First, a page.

other 1.1% (made up largely of people fleeing the war in the former
Yugoslavia)
Religions: 
Protestant 45%, Roman Catholic 37%, unaffiliated or other 18% 
Languages: 
German 
Literacy: 
age 15 and over can read and write (1977 est.)
total population: 
99% 
male: 
NA%
female: 
NA%
Labor force: 
36.75 million 
by occupation: 
industry 41%, agriculture 6%, other 53% (1987)

@Germany, Government

Names: 
conventional long form: 
Federal Republic of Germany 
conventional short form: 
Germany 
local long form: 
Bundesrepublik Deutschland 
local short form: 
Deutschland 
Digraph: 
GM
Type: 
federal republic 
Capital: 
Berlin 
note: 
the shift from Bonn to Berlin will take place over a period of years
with Bonn retaining many administrative functions and several
ministries
Administrative divisions: 
16 states (laender, singular - land); Baden-Wurttemberg, Bayern,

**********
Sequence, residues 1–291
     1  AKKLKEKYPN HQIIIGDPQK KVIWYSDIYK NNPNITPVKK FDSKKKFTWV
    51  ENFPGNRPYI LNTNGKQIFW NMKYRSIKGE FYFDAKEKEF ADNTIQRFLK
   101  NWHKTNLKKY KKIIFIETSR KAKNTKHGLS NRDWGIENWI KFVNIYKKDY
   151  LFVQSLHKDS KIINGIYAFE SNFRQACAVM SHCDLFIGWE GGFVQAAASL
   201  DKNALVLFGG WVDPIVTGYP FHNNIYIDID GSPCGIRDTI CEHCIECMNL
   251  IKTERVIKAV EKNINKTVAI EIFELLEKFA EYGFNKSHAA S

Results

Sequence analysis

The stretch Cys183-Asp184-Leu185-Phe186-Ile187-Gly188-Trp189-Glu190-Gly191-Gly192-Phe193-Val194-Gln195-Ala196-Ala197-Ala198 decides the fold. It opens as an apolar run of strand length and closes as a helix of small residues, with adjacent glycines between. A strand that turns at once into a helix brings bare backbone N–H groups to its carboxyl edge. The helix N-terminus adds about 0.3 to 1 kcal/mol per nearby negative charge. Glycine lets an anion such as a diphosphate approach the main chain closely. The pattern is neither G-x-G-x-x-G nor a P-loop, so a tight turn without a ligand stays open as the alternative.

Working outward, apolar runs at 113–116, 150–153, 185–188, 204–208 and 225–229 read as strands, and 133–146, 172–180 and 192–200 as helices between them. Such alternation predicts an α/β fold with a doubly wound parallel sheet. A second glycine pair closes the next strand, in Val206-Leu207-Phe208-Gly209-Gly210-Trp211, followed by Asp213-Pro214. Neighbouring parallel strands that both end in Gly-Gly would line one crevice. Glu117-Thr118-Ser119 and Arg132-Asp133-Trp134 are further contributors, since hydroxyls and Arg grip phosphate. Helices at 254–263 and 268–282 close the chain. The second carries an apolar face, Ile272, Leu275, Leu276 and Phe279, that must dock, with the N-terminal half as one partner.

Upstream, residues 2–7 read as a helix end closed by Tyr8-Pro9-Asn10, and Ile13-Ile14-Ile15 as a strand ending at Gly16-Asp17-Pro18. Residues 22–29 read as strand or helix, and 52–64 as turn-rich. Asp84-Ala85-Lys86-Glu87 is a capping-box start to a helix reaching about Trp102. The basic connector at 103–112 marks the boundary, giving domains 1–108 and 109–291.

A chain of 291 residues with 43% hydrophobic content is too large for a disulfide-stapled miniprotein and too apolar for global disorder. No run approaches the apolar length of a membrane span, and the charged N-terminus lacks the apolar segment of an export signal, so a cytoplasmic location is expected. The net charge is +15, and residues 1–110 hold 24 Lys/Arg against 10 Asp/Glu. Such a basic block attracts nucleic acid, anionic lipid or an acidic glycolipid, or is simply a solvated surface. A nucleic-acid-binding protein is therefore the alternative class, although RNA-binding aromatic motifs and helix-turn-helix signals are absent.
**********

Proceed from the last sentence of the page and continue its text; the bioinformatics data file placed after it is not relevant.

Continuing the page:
Berlin, Brandenburg, Bremen, Hamburg, Hessen, Mecklenburg-Vorpommern,
Niedersachsen, Nordrhein-Westfalen, Rheinland-Pfalz, Saarland,
Sachsen, Sachsen-Anhalt, Schleswig-Holstein, Thuringen
Independence: 
18 January 1871 (German Empire unification); divided into four zones
of occupation (UK, US, USSR, and later, France) in 1945 following
World War II; Federal Republic of Germany (FRG or West Germany)
proclaimed 23 May 1949 and included the former UK, US, and French
zones; German Democratic Republic (GDR or East Germany) proclaimed 7
October 1949 and included the former USSR zone; unification of West
Germany and East Germany took place 3 October 1990; all four power
rights formally relinquished 15 March 1991
National holiday: 
German Unity Day (Day of Unity), 3 October (1990) 
Constitution: 
23 May 1949, known as Basic Law; became constitution of the united
German people 3 October 1990
Legal system: 
civil law system with indigenous concepts; judicial review of
legislative acts in the Federal Constitutional Court; has not accepted
compulsory ICJ jurisdiction
Suffrage: 
18 years of age; universal
Executive branch: 
chief of state: 
President Dr. Richard von WEIZSACKER (since 1 July 1984); note -
presidential elections were held on 23 May 1994; Roman HERZOG was the
winner and will be inaugurated 1 July 1994
head of government: